Editor's note: The markets and our offices are closed on Monday, September 5, for Labor Day. Because of this, we won't publish Altimetry Daily Authority. Please look for your next edition on Tuesday, September 6.
No one can be 'on' constantly...
As much as we'd like to think of ourselves as tireless machines, we simply can't operate at 100% effectiveness, 100% of the time.
Yesterday, my colleague Rob Spivey explained how America's workaholic culture is taking over our lives. It has gotten so bad that some companies are even mandating consecutive days off for their employees.
The takeaway is this... We all need breaks to stay productive. Even corporate America is catching on.
Think about the last time you tried to be a "hard charger," pushing yourself past your limits. You probably found yourself getting distracted against your will – whether mentally or physically.
In order to be efficient and focused, you have to give your mind a break. And this doesn't just apply to everyday life, either. It's also a critical investing skill.
Before putting money to work, it's important to fully consider the possible risks and rewards. But you can't do that if you're too worn out to think straight.
Psychiatry professor William Killgore has conducted several studies on the relationship between sleep deprivation and behavioral risk-taking.
The results are clear – when we're sleep-deprived, our decision-making suffers. Often, we take unnecessary risks. Lack of sleep hurts our attention spans and even changes our emotional responses to frustrating situations.
In other words, you're more likely to make uninformed... fast... and even aggressive decisions when you're tired.
If you're not used to pacing yourself, it can take some practice (and patience).
Fortunately, there are a few easy steps that can help you get started...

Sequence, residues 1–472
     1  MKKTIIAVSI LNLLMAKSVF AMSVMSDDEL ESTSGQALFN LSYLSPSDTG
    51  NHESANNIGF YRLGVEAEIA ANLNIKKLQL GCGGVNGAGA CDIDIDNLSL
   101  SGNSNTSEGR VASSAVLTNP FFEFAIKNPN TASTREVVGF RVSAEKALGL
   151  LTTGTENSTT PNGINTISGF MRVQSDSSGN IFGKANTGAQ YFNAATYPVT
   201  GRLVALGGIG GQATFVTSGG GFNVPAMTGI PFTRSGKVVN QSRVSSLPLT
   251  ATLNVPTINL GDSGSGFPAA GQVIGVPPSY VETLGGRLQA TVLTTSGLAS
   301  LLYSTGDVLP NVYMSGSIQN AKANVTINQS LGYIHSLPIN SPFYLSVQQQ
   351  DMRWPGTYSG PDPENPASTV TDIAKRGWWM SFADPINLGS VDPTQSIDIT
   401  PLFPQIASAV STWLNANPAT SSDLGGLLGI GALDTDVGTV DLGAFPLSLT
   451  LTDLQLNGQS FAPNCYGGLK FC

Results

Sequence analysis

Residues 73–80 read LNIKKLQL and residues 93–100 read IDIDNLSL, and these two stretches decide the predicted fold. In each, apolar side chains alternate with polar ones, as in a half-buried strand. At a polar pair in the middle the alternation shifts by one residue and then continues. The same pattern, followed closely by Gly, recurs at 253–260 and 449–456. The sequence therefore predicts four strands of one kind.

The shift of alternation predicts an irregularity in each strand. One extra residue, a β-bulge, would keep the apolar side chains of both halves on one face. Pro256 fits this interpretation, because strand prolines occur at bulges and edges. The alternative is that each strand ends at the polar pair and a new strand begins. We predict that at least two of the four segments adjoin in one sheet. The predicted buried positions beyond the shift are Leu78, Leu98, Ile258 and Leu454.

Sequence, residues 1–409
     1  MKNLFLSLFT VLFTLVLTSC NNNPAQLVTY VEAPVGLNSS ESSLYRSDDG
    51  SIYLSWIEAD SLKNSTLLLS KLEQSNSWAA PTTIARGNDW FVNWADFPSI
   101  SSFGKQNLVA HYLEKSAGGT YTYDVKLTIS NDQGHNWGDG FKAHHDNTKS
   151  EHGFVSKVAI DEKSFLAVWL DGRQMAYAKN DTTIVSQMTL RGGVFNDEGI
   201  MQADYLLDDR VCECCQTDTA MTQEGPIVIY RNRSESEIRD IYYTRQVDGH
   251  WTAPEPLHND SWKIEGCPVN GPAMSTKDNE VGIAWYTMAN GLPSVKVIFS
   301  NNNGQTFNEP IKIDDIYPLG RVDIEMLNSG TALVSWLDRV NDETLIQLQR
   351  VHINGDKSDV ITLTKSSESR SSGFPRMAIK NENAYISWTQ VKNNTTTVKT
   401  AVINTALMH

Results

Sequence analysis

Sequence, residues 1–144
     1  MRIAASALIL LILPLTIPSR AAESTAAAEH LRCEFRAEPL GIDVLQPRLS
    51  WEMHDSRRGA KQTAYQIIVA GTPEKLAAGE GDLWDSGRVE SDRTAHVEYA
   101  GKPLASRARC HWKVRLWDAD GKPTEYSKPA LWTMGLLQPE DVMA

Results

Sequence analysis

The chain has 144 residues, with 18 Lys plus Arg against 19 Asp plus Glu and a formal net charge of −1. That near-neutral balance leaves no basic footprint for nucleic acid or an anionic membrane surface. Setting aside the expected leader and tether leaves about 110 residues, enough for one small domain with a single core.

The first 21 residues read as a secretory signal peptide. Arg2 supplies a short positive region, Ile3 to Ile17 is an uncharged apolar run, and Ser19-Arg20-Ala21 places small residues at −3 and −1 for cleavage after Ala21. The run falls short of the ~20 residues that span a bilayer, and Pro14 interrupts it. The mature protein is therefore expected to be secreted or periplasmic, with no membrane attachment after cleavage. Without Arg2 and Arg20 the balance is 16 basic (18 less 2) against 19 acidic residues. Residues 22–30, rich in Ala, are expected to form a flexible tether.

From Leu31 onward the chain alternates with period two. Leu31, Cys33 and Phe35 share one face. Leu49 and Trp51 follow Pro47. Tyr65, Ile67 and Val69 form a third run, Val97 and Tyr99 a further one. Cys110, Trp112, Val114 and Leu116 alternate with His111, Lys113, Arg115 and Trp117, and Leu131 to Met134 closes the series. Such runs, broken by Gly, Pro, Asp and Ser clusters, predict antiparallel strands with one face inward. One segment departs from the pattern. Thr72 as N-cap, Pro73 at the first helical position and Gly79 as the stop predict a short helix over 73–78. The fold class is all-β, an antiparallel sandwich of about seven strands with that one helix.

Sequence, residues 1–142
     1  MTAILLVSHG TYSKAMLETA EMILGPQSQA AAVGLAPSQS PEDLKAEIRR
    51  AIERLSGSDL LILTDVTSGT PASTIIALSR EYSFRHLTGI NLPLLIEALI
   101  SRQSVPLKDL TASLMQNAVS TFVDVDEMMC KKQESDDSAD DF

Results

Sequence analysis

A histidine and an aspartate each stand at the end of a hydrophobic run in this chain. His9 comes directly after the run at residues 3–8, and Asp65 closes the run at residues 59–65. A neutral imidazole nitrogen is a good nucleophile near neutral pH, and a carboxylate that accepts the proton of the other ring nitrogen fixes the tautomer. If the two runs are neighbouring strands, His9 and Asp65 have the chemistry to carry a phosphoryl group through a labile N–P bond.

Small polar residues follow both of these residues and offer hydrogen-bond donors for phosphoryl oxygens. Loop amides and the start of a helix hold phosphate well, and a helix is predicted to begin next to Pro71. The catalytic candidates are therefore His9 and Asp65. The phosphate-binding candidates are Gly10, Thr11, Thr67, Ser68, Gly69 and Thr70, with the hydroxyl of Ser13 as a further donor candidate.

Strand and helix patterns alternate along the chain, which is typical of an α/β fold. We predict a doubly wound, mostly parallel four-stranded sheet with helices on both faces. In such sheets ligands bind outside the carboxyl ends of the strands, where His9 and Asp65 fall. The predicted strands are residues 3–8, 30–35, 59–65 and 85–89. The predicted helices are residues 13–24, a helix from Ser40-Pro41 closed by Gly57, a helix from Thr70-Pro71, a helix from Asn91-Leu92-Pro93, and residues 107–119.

Of course, getting proper sleep remains at the top of the list. The average adult needs about eight hours per night.
Make sure that sleep is good quality, too. Cut out caffeine at least six hours before bed. And turn off all electronics an hour beforehand.
During the day, remember the "20-20-20 rule" for screen time. Every 20 minutes, stand up, find an object at least 20 feet away, and look at it for at least 20 seconds.
These mini-breaks help readjust your eyes and legs. They also remind you to reset your posture. That way, you'll be more focused when you're back to the task.
Another good rule is something called the Pomodoro Technique...
The story goes that when the technique's creator, Francesco Cirillo, was a university student, he invented a time-management technique. It involved working in 25-minute bursts, followed by five-minute breaks. He'd complete three circuits, then take a longer 30-minute break.
The name "pomodoro" came from the tomato-shaped kitchen timer he used while in university.
There's some real science behind the Pomodoro Technique... and it takes us back to Germany in 1927.
Bluma Zeigarnik, a psychology student at the University of Berlin, was trying to understand an interesting phenomenon regarding restaurant waitstaff. She and Professor Kurt Lewin noticed that these folks had an amazing ability to recall orders table by table, so long as the customers hadn't received their food yet.
While the orders still had to be filled, they continued to remember. But once an order was completed, the waitstaff's memory of any particular table dropped dramatically.
This is because our minds are good at connecting the dots, even if a task isn't our primary focus. When we consciously acknowledge that a task is incomplete (by taking breaks), our minds continue to work subconsciously. This became known as the "Zeigarnik effect."
So stepping away and taking breaks isn't a waste of time. It actually allows us to make better decisions.
As I already mentioned, breaks should be a part of any sound investment process...
It's easy to become enamored of an investment idea – and ignore any evidence to the contrary. If you don't take breaks, you might start making riskier decisions without even realizing it.
No matter how much due diligence you've done, you should still "Zeigarnik it," as we say around the Altimetry offices.
Get up, walk around, and readjust your eyes. Allow your mind to wander – perhaps make some dinner with your pomodoro timer, or get some sleep if it's late.
By doing so, you give yourself time to change your mind... or gain even more confidence in your decision.
Wishing you love, joy, and peace,
September 2, 2022